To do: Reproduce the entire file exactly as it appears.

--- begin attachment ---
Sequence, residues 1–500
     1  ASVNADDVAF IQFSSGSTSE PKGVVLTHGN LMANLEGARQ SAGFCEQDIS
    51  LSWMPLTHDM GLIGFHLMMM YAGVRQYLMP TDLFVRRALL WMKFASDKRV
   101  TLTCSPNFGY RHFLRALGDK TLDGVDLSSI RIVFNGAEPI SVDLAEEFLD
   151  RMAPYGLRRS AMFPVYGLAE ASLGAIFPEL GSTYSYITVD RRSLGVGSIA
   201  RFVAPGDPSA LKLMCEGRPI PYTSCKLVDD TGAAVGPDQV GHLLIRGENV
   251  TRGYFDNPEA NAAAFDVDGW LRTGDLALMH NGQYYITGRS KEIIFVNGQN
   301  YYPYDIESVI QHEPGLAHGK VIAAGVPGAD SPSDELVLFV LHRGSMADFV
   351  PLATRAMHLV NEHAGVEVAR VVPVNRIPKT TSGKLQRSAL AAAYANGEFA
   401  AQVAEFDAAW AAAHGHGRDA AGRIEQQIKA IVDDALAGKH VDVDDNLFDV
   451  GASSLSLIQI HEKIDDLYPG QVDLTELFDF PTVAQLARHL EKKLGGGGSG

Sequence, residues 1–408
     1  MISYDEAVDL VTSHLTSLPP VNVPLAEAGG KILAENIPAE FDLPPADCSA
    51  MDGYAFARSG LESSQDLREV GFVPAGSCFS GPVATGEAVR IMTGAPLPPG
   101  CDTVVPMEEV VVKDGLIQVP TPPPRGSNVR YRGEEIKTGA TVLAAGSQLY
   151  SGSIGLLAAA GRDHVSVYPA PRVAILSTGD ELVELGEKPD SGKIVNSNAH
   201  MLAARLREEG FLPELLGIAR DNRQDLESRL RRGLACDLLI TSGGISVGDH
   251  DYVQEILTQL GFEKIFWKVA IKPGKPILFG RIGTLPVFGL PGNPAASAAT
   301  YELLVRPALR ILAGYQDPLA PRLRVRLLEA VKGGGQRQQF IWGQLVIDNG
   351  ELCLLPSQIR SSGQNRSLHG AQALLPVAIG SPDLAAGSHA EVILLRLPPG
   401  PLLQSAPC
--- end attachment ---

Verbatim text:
Sequence, residues 1–500
     1  ASVNADDVAF IQFSSGSTSE PKGVVLTHGN LMANLEGARQ SAGFCEQDIS
    51  LSWMPLTHDM GLIGFHLMMM YAGVRQYLMP TDLFVRRALL WMKFASDKRV
   101  TLTCSPNFGY RHFLRALGDK TLDGVDLSSI RIVFNGAEPI SVDLAEEFLD
   151  RMAPYGLRRS AMFPVYGLAE ASLGAIFPEL GSTYSYITVD RRSLGVGSIA
   201  RFVAPGDPSA LKLMCEGRPI PYTSCKLVDD TGAAVGPDQV GHLLIRGENV
   251  TRGYFDNPEA NAAAFDVDGW LRTGDLALMH NGQYYITGRS KEIIFVNGQN
   301  YYPYDIESVI QHEPGLAHGK VIAAGVPGAD SPSDELVLFV LHRGSMADFV
   351  PLATRAMHLV NEHAGVEVAR VVPVNRIPKT TSGKLQRSAL AAAYANGEFA
   401  AQVAEFDAAW AAAHGHGRDA AGRIEQQIKA IVDDALAGKH VDVDDNLFDV
   451  GASSLSLIQI HEKIDDLYPG QVDLTELFDF PTVAQLARHL EKKLGGGGSG

Sequence, residues 1–408
     1  MISYDEAVDL VTSHLTSLPP VNVPLAEAGG KILAENIPAE FDLPPADCSA
    51  MDGYAFARSG LESSQDLREV GFVPAGSCFS GPVATGEAVR IMTGAPLPPG
   101  CDTVVPMEEV VVKDGLIQVP TPPPRGSNVR YRGEEIKTGA TVLAAGSQLY
   151  SGSIGLLAAA GRDHVSVYPA PRVAILSTGD ELVELGEKPD SGKIVNSNAH
   201  MLAARLREEG FLPELLGIAR DNRQDLESRL RRGLACDLLI TSGGISVGDH
   251  DYVQEILTQL GFEKIFWKVA IKPGKPILFG RIGTLPVFGL PGNPAASAAT
   301  YELLVRPALR ILAGYQDPLA PRLRVRLLEA VKGGGQRQQF IWGQLVIDNG
   351  ELCLLPSQIR SSGQNRSLHG AQALLPVAIG SPDLAAGSHA EVILLRLPPG
   401  PLLQSAPC